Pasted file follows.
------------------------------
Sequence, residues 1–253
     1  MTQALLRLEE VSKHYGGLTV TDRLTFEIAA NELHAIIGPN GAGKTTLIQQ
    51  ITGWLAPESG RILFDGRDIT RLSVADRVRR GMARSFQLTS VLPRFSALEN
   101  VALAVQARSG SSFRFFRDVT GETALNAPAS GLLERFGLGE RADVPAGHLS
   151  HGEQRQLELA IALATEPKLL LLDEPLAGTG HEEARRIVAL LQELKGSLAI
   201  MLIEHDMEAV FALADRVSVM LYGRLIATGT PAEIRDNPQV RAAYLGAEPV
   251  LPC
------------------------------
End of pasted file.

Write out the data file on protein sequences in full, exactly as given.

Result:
Sequence, residues 1–253
     1  MTQALLRLEE VSKHYGGLTV TDRLTFEIAA NELHAIIGPN GAGKTTLIQQ
    51  ITGWLAPESG RILFDGRDIT RLSVADRVRR GMARSFQLTS VLPRFSALEN
   101  VALAVQARSG SSFRFFRDVT GETALNAPAS GLLERFGLGE RADVPAGHLS
   151  HGEQRQLELA IALATEPKLL LLDEPLAGTG HEEARRIVAL LQELKGSLAI
   201  MLIEHDMEAV FALADRVSVM LYGRLIATGT PAEIRDNPQV RAAYLGAEPV
   251  LPC